(ORDO NEWS) — For a long time, paleontologists believed that the main function of the tail clubs of ankylosaurs, the armored dinosaurs of the Mesozoic era, was to protect against predators. But now it looks like they will have to change their mind.
Ankylosaurus , turning sideways to a ferocious predator and ready to strike him with a terrible blow with a heavy tail – this can be said to be a kind of paleontological cliché that can be found in the mass of books and films about dinosaurs.
Knowing how many carnivorous species these peaceful herbivores coexisted in the same territory, it is logical to assume that they needed a powerful defensive weapon.
While an Ankylosaurus-Tyrannosaurus clash is exciting for prehistoric fans, new evidence suggests that armored dinosaurs were more likely to turn their weapons against each other.
In particular, after examining the carapace of the Zuul dinosaur ( Zuul crurivastator ), researchers from the United States and Canada found that some of its impressive spines broke, but then the injuries healed.
Since only the spikes on the sides of the body were damaged, scientists assumed that this injury was not caused by a predator, because in this case the wound would be located on top.
The zuul’s tail was three meters long, its back part as stiff as a handle, and at the very end it grew into a pair of bone balls resembling a sledgehammer.
It is ironic that the species name of the dinosaur, crurivastator, means “shin crusher” in translation: the paleontologists who described the dinosaur suggested that he used his tail to protect himself from large predators.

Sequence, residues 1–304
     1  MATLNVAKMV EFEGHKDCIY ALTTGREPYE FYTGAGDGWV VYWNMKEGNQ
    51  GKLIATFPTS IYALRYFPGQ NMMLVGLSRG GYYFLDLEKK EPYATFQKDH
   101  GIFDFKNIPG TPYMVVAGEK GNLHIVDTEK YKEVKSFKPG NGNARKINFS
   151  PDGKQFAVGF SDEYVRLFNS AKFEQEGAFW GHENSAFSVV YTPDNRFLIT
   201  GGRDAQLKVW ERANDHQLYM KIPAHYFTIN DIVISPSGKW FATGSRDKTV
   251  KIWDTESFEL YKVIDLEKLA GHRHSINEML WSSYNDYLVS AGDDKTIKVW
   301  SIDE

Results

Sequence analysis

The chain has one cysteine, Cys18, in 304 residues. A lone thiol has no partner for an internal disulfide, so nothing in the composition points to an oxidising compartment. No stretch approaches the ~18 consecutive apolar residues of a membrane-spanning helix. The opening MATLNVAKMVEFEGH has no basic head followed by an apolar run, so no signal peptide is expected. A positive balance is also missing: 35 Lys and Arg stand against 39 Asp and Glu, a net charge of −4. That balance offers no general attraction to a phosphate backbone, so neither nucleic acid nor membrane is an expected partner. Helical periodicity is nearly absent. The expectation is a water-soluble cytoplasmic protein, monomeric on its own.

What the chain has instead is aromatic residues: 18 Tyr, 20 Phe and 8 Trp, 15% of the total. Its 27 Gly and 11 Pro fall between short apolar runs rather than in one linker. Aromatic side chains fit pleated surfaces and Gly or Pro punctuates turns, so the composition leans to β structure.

Now, it seems that the main purpose of ankylosaurus tails will have to be reconsidered: although, no doubt, a defending dinosaur could use his mace against an advancing enemy, its main purpose, like that of deer antlers, was not to cripple a predator, but to defeat a rival claiming to occupied territory or a female ready for mating.
Other evidence of ankylosaur pugnacity exists, such as broken and healed ribs or damaged tails. Of course, the causes of such injuries could be very different – for example, during a flood, an ankylosaurus caught by the current was thrown against the rocks – but at least some of them were inflicted by angry rivals, sweepingly beating each other with maces.
By the way, it is curious that many millions of years after the extinction of the ankylosaurs, the giant armadillos dodicuruses also acquired a mace at the end of the tail and, judging by the characteristic fractures of the shell , used this weapon against each other.
However, this is not particularly surprising, because nature often solves similar problems in a similar way: what worked with ankylosaurs later came in handy for mammals.
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